It’s pretty easy to find yourself caught in a stand-off with a child. In fact, it’s probably an everyday occurrence. They’re doing something you don’t like – it might be dangerous, unkind, wasteful, disruptive or just flat out defiant. So it makes sense to get them to stop and do something else that’s kinder, nicer, and more productive. Enter, consequences.
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Consequences that don’t really work
When we think of consequences, we tend to think of removing something like a privilege in order to get a child to do what we’ve asked them to. “If you don’t clean up these toys right now, I’m giving them away.” “If you don’t go to bed right now, I’m cancelling your playdate in the morning.”
It’s usually delivered with a threat and whether we realise it or not, has an underlying flavour of punishment to it. We are triggered, our kids are triggered too and it often ends in a standoff, with us looking for an even bigger ‘consequence’.
The thing is, this doesn’t teach a child very much, except to avoid a penalty. It’s because this set-up has us pitted against our child and it often lacks our child feeling our warmth and connection. In fact, in the threat we inadvertently tell our kids that until they behave, our love and approval are suspended.
Consequences that work better
Can I suggest a different take on consequences? I like to call it ‘the long game’. Let me set the scene.
Setting the scene
Not too long ago I found myself in one of those ‘everyday occurrences’. My friend’s little three-year-old boy, Oliver, is in the phase where he thinks he’s the king of the world. He’s in charge of life, brimming with energy, curiosity and a full sense of justice. The ‘this is right, that’s wrong and I decide which is what’ kind.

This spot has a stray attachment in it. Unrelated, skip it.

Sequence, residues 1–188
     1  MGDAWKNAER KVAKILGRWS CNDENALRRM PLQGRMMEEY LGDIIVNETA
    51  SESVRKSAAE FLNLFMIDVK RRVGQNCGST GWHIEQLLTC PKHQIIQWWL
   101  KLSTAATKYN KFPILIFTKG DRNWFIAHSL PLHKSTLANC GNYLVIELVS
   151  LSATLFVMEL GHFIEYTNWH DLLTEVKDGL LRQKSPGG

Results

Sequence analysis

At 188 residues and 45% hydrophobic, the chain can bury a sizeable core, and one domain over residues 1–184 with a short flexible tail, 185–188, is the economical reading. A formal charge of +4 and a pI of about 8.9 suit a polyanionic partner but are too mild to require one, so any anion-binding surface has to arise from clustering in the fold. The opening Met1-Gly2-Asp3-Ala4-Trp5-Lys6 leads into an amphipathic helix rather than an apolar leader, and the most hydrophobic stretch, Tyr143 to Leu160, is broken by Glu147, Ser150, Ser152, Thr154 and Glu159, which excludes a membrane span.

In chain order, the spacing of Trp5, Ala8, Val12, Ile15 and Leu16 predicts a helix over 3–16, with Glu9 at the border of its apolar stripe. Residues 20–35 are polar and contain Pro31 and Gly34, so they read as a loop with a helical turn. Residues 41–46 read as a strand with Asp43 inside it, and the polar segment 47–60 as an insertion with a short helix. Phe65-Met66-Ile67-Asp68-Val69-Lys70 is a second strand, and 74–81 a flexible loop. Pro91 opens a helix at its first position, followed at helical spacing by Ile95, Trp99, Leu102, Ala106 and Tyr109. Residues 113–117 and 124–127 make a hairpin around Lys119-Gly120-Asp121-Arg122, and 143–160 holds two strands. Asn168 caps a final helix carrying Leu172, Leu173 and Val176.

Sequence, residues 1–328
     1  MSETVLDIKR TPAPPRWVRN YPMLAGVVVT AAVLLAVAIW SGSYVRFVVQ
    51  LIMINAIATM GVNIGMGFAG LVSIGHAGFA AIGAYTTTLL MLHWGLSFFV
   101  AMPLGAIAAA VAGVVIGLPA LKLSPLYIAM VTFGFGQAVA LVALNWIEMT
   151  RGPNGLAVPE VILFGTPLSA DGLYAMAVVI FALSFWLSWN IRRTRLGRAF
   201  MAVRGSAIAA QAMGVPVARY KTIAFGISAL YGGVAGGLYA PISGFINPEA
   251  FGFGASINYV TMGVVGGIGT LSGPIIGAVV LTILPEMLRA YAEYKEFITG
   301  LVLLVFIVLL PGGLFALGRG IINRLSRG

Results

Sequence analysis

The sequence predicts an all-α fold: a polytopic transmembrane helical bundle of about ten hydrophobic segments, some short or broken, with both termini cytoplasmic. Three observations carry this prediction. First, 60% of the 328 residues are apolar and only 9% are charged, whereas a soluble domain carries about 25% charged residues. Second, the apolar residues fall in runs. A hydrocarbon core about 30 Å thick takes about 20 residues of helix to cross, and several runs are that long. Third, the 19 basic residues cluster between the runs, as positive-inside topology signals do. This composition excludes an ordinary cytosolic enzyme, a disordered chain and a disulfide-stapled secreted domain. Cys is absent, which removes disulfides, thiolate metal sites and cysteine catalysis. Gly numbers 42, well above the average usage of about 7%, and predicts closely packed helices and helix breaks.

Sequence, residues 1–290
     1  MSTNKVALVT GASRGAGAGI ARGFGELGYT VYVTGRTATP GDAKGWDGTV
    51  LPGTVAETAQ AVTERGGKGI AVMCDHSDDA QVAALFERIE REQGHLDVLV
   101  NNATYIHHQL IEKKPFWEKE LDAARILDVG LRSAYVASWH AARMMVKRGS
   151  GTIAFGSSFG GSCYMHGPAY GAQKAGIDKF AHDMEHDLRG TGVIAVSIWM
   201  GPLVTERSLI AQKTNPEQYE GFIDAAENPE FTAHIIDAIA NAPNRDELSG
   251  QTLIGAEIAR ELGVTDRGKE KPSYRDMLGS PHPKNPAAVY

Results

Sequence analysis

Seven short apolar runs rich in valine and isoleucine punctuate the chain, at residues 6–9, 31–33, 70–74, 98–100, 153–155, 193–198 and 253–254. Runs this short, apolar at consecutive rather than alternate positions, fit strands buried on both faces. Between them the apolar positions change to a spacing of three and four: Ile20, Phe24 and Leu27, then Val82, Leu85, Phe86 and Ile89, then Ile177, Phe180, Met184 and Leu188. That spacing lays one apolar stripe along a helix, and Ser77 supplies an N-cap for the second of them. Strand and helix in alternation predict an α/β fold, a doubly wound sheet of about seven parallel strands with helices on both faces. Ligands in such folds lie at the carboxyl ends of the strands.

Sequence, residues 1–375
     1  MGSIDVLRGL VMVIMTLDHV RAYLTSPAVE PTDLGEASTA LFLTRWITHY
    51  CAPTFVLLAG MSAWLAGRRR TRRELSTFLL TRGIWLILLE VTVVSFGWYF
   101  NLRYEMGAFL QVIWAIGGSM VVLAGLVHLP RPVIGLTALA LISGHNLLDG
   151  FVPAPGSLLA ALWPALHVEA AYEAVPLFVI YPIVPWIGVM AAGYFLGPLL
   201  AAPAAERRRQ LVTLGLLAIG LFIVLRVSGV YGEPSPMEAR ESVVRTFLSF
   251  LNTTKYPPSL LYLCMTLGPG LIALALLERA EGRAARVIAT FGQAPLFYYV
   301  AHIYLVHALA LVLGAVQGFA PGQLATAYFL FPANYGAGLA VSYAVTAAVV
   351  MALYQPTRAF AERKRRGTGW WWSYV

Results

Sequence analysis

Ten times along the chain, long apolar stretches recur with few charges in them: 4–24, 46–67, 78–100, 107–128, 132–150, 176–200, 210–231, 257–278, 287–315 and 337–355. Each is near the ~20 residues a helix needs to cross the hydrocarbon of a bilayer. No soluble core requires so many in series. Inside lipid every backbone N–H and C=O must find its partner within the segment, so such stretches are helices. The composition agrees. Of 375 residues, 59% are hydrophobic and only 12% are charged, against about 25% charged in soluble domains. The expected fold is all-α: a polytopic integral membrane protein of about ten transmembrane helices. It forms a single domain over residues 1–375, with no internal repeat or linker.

It was a wet, miserable day and on top of a runny nose, Oliver had been stuck inside for longer than optimum. He had his own box of tissues and was enjoying pulling them out of the box as fast as he could. Naturally they were flying everywhere and he was loving it. Seeing the mess and waste, and probably also a bit fed up with the confinement of being inside too, his mum did what most of us would naturally do and sent out a sharp ultimatum. “Stop that now, Oliver! You pick those up right now and put them back in the box or I will take away your truck.” He looked at her and simply walked off – no intention of doing what he’d been asked.
What’s the long game?
The long game is still consequences, it just doesn’t come with a threat. It’s keeping our eyes on the goal. In this case, it’s helping Oliver remember that tissues belong in their box, helping him feel like he’s capable of cleaning up a mess, and teaching him that mistakes are fine because they can be fixed.
Here’s what the long game sounds like – and how it played out after Oliver’s mum reset and gave it another go. She put the box of tissues back where it belonged and reminded Oliver that this was where it lived. She then let about 10 minutes lapse before saying again, “Let’s get those tissues back in the box together.” And this time, Oliver was more than happy to do it.
Why does it work?
Playing the long game works for a number of reasons –
- There’s no stand-off or invitation to a fight
- Our kids get to keep their dignity intact
- Limits are set
- They get to calm down (and so do we)
- Our connection is offered – through our friendly tone of voice or for younger ones, with the offer to help them clean up their mess, “Let’s pick up the tissues together.”
With slightly older kids, there’s an opportunity here for problem-solving too. For example, “We don’t play with the soccer ball inside. It scrapes the paint off the walls. What other fun and safe place could you go and play?”
When we play the long game, we also build security in our children. Our kids are always doing research to check out if mum or dad really mean what they say. They make great progress when they work out day by day, challenge by challenge, that they’re safe in the relationship and that there’s no manipulation. They learn their parents will take the lead and ensure they follow through on what they’ve been asked to do.
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